I don't see spirituality going away to usher in some kind of united atheism. Religious faith will become more agnostic in the future before it dissolves. A gradual change.

The whole idea behind agnosticism is not knowing whether or not there is a God. The one thing that would continue to kill either a united atheist/agnostic society would entail God's continual personal revelation to individuals. In short, a religion-free utopia would be impossible.

I do believe that scientific advancement and free thinking will become the focus rather than looking for the meaning of life in archaic scrolls.

At what point? We can travel half-way across the world within a day. Communicate with people on the other side of the globe in a matter of seconds. And thrives at the same level it always has. What magical element of advancement is going to usher in a religion-free world?

This could never be a world without meaning or love, because of us. It would just make more sense without the dogma.
I'm not sure what you mean. Can you expound on this a bit?
jodybirdy
Posts: 2,089
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11/11/2014 3:10:05 PM
Posted: 2 years ago
At 11/11/2014 3:03:33 PM, RoderickSpode wrote:
At 11/11/2014 1:16:02 PM, jodybirdy wrote:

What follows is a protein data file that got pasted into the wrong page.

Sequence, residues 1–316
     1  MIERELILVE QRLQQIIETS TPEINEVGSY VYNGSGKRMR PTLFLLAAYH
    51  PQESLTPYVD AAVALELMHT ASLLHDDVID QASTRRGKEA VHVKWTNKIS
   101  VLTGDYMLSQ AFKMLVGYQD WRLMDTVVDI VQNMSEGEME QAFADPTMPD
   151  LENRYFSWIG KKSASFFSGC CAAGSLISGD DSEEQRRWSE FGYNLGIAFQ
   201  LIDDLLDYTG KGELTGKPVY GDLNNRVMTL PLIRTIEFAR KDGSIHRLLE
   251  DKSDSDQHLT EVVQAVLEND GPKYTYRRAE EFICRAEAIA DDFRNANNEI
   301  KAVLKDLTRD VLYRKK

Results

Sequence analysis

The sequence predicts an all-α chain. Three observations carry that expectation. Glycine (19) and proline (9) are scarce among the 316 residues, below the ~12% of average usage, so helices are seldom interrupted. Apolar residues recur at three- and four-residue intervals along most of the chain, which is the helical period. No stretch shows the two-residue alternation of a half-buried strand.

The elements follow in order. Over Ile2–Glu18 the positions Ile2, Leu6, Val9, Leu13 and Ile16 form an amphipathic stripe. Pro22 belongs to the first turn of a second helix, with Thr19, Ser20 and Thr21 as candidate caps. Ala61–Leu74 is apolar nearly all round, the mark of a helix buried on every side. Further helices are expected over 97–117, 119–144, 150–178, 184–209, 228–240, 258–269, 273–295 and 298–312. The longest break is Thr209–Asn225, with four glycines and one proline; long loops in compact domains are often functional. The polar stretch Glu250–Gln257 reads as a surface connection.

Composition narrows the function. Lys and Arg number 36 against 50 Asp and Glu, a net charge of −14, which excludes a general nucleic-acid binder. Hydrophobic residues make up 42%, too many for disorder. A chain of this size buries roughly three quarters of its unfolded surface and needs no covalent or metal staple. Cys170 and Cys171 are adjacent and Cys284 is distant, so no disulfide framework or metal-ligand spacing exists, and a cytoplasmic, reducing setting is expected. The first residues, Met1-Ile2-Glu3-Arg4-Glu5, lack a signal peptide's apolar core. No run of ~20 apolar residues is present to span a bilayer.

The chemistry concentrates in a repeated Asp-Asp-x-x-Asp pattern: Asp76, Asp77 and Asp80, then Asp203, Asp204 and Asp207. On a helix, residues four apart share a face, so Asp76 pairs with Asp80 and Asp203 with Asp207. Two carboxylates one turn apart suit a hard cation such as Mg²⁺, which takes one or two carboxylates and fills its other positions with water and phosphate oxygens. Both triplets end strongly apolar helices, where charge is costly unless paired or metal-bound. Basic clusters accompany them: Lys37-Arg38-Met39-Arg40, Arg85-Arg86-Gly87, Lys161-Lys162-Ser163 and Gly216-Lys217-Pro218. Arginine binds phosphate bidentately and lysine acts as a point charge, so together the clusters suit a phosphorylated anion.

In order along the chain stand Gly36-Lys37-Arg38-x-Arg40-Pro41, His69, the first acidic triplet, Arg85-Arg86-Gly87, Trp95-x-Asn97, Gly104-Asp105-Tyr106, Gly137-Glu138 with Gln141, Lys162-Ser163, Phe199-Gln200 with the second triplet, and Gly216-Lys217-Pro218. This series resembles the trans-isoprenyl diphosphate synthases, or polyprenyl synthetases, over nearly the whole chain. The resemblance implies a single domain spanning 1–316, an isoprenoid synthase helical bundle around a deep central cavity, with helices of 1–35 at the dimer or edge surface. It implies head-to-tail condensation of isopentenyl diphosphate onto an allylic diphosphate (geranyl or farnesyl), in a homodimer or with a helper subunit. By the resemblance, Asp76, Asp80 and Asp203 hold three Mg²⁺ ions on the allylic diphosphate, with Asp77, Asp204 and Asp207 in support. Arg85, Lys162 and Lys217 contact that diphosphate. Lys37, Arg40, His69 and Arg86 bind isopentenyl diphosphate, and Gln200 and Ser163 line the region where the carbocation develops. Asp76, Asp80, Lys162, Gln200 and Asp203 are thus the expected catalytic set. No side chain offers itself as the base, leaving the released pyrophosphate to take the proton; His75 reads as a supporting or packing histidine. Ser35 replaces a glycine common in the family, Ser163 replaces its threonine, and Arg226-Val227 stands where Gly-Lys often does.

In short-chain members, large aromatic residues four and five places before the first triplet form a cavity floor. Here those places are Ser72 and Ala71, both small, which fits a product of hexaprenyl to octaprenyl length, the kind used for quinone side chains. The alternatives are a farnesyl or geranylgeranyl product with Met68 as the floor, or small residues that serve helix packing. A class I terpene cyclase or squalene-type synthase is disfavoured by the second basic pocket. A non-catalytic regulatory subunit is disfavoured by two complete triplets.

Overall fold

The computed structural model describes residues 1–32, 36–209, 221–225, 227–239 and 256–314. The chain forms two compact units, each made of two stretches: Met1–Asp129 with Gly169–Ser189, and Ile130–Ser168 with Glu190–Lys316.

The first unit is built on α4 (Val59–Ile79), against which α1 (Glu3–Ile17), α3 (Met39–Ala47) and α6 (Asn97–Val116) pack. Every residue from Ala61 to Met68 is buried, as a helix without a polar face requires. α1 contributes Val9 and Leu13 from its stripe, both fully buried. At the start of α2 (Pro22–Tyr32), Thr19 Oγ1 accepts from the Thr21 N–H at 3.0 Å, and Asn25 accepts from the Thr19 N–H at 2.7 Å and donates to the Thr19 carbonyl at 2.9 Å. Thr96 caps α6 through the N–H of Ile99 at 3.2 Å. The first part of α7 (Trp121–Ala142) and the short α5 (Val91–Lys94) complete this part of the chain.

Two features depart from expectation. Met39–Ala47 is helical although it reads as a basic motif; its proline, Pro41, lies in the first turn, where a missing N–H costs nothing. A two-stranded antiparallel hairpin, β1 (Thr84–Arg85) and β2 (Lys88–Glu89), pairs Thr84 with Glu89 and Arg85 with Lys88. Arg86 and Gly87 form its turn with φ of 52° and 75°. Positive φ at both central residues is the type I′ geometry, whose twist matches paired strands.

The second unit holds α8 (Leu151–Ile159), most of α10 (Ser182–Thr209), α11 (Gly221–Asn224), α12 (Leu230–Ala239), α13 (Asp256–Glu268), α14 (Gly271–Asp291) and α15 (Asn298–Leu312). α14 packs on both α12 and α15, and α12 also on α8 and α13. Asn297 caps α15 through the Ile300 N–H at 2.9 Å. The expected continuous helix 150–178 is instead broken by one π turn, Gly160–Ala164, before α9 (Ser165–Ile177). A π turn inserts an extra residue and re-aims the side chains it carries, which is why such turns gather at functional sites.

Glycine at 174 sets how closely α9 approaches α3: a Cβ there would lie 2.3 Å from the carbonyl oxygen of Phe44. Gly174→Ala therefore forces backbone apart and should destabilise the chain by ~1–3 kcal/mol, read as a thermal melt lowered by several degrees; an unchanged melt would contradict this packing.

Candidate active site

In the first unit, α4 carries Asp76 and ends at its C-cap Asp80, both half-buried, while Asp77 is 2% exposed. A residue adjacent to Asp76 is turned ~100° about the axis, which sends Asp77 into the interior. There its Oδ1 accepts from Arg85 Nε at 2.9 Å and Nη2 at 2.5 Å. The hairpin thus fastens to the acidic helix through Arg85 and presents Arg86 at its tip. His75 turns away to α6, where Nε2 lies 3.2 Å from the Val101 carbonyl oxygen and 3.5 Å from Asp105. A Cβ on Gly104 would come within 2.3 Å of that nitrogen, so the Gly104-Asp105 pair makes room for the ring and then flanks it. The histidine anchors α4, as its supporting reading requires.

I don't see spirituality going away to usher in some kind of united atheism. Religious faith will become more agnostic in the future before it dissolves. A gradual change.

The whole idea behind agnosticism is not knowing whether or not there is a God. The one thing that would continue to kill either a united atheist/agnostic society would entail God's continual personal revelation to individuals. In short, a religion-free utopia would be impossible.

The only people I've witnessed who have had personal revelations with God are either capitalizing on it or are stark raving mad. We have a saint among us here.

I do believe that scientific advancement and free thinking will become the focus rather than looking for the meaning of life in archaic scrolls.

At what point? We can travel half-way across the world within a day. Communicate with people on the other side of the globe in a matter of seconds. And thrives at the same level it always has. What magical element of advancement is going to usher in a religion-free world?

Eventually we will grow out of religion, yes.

This could never be a world without meaning or love, because of us. It would just make more sense without the dogma.
I'm not sure what you mean. Can you expound on this a bit?

What I mean is that the lack of religion will not affect the good in people.
A rock pile ceases to be a rock pile the moment a single man contemplates it, bearing within him the image of a cathedral."
RoderickSpode
Posts: 2,371
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11/11/2014 3:11:21 PM